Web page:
Healthy Backcountry Kitchen

Healthy Backcountry Kitchen

Cooking healthy food while backpacking

Keep it Fresh

When I started backpacking over two decades ago, I was convinced that packing fresh food was “verboten”. The colossal weight of several extra ounces of avocado on your back were just not worth the delight of savoring it’s creamy green goodness. The hiking gods would never allow such a sin to go unpunished. If you knew what was good for you, you’d stick with convenient and quick processed meals of dehydrated chicken and rice and count your bland, ultralight blessings.

While I still invest in lightweight gear, I’ve moved steadily away from gulping down the mummified remains of freeze-dried meals. I now know it’s possible to cook real, healthy food without wasting hours hunched over the stove or earning a hernia while carrying my dinner.

Here’s some helpful hints to turn your boring freeze-dried dinner into a (relatively) lightweight backcountry delight:

  1. Remember: Water is water. Your body doesn’t know the difference between the water in your Nalgene and in that succulent heirloom tomato. You’ll be carrying that water weight anyway- wouldn’t you rather some of it be in the form of delicious, juicy fruits and veggies? Benefits abound: Tomatoes alone provide a great amount of vitamin C and an outstanding antioxidant content- shown to fight fatigue and support your immune system- generally a great idea while hiking.
  2. Spices, spices, spices! Spices are worth their weight in gold. Salt and pepper are a must, but you can also bring anything from cumin to garlic powder. BONUS: include copious amounts of Curry for the anti-inflammatory powers of tumeric and you’ll be a lot less sore after your long days on trail. Skip the full containers and use Ziplock baggies for your kitchen on the go.
  3. Include healthy fats. Fat carries the most flavor- and serves as a great source of energy and materials to help your body to repair itself. Butter, coconut oil, olive oil and avocado oil are all great choices. Ounce for ounce, fats provide the most fuel and flavor you need to keep going. TIP: The medium chain Triglycerides in coconut oil are particularly useful for quick energy since the body can absorb them directly from the digestive tract without having to go through all the extra work of emulsification.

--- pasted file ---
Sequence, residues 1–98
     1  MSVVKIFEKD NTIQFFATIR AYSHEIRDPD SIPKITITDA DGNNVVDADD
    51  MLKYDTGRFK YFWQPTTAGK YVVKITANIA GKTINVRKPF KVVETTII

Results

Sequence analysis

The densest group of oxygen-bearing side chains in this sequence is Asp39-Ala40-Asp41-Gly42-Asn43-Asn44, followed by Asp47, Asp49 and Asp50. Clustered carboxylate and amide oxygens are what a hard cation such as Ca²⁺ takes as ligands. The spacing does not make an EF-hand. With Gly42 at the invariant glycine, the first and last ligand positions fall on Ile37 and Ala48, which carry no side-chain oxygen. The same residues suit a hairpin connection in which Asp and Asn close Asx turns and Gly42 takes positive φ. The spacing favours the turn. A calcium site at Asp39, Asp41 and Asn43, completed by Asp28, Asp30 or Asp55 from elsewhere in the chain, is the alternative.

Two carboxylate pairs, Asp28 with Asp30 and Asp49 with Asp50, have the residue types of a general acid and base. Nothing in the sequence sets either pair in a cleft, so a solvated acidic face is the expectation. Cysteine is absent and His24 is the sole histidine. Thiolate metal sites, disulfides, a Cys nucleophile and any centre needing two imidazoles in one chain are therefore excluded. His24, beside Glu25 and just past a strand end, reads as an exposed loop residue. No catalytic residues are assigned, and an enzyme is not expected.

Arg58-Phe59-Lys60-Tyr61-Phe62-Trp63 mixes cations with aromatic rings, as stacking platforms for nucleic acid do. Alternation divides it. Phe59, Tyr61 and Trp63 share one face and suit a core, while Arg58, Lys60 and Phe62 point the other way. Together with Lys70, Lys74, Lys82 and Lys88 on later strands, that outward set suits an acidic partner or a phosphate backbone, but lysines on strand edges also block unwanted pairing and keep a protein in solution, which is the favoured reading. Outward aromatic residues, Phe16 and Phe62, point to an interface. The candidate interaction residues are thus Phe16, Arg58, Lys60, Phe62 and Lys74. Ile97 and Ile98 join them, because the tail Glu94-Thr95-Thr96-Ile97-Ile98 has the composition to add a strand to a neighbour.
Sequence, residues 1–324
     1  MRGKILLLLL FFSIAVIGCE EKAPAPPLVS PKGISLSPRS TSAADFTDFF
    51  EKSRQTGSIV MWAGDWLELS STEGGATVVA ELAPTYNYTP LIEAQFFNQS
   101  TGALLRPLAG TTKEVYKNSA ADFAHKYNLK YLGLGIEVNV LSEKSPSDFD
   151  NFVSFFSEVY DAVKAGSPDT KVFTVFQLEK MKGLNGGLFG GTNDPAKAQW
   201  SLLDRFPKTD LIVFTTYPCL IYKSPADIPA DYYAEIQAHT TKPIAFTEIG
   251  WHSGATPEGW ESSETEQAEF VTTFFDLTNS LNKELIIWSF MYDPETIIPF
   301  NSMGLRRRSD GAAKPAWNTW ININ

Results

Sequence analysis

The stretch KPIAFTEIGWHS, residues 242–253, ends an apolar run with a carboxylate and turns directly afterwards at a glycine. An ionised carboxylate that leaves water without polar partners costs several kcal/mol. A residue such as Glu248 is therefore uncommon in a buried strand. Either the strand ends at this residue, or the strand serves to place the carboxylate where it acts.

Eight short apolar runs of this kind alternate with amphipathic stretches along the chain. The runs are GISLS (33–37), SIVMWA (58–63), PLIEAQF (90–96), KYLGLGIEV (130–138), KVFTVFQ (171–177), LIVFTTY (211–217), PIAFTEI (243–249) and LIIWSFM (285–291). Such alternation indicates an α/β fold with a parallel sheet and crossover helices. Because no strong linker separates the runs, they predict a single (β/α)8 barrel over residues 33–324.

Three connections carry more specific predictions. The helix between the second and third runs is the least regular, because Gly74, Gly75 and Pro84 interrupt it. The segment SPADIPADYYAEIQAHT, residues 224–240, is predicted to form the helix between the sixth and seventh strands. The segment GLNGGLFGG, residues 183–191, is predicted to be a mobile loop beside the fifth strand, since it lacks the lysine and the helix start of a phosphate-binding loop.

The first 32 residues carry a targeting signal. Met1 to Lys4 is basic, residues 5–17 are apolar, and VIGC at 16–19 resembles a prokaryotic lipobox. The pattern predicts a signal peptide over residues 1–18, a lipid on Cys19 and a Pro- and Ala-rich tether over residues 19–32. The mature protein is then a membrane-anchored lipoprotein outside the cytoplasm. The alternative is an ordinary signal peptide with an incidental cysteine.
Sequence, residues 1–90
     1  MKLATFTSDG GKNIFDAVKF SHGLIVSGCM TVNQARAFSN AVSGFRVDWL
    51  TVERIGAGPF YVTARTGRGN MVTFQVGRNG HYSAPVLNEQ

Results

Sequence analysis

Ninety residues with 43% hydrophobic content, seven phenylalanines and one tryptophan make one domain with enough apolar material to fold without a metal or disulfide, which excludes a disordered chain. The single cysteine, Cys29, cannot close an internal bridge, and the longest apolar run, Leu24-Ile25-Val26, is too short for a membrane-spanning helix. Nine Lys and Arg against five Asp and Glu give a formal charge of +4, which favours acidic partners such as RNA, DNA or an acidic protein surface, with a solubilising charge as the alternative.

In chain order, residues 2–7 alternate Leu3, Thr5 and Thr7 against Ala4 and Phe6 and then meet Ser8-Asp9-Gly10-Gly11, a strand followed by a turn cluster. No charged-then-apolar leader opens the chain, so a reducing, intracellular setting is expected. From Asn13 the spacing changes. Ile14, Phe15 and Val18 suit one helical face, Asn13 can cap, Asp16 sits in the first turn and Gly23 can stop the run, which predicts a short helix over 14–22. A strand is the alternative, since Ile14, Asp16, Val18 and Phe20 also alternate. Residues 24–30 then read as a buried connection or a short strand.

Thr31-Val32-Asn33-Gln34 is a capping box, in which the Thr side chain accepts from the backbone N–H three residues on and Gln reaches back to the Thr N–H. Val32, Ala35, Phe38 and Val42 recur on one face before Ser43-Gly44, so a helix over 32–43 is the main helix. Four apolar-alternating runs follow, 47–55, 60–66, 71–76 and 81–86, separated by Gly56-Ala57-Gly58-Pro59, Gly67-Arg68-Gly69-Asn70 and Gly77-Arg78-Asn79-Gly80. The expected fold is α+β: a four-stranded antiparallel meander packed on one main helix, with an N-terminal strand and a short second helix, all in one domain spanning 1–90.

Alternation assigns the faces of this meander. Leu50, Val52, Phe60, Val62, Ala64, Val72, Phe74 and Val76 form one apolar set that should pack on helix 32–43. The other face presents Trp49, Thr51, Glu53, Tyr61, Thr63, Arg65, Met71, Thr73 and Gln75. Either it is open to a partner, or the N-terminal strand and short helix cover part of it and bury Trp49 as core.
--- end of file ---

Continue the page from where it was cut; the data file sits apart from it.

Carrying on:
4. Freeze your first night’s protein. Stash a great steak in the freezer overnight before your trip. Just before you’re about to go, take it out, double ziplock bag it and pack it deep in the center of your pack. Your other gear will act as insulation keeping it cold and leaving you with a real treat at the end of the day. (NOTE: Unfortunately veggies and fruits generally do NOT freeze well- ice crystals break up their cell structure and they will turn into mush as they melt). Protein and fat are both necessary materials to help repair your muscles after long hours of hiking with a heavy pack. Make sure to give your body what it needs to rebuild.
  5. Precook some of your ingredients for the first night’s meal. Food such as onions, mushrooms and other side dish veggies can be precooked and then added to your pan at the last minute. You’ll cut down on cooking time, the size of pans and amount of fuel you’ll need to carry. By incorporating foods such as onions and garlic, you’ll not only drive away bears (and other backpackers) but also give your body the sulfur it needs to help produce the glycosaminoglycans necessary (amongst other functions) for the smooth, pain free movements of your joints and tendons.
  6. Choose dehydrated wisely. Instead of going for bland dehydrated meals, choose individual dry ingredients that will actually enhance the end flavor and health of your meal. Sundried tomatoes, herbs and dried mushroom medleys are all just waiting to be rehydrated and mixed in as ultra-flavorful components of your meals.
  7. Utilize dry staples, such as quick cook rice and (Gluten Free) pasta, then add fresh ingredients to spice up the meal. NOTE: A helpful trick to speed up the cooking process is to add your pasta or rice to a Ziplock bag full of water for the last mile or so (perhaps more depending on estimated cook time) of your hike into camp.

Fresh food may add some weight, but with the right choices it can more than make up for that in flavor and health. Everything tastes better in the backcountry, but that’s no excuse for eating just plain bad food.

No Comments

Post a Comment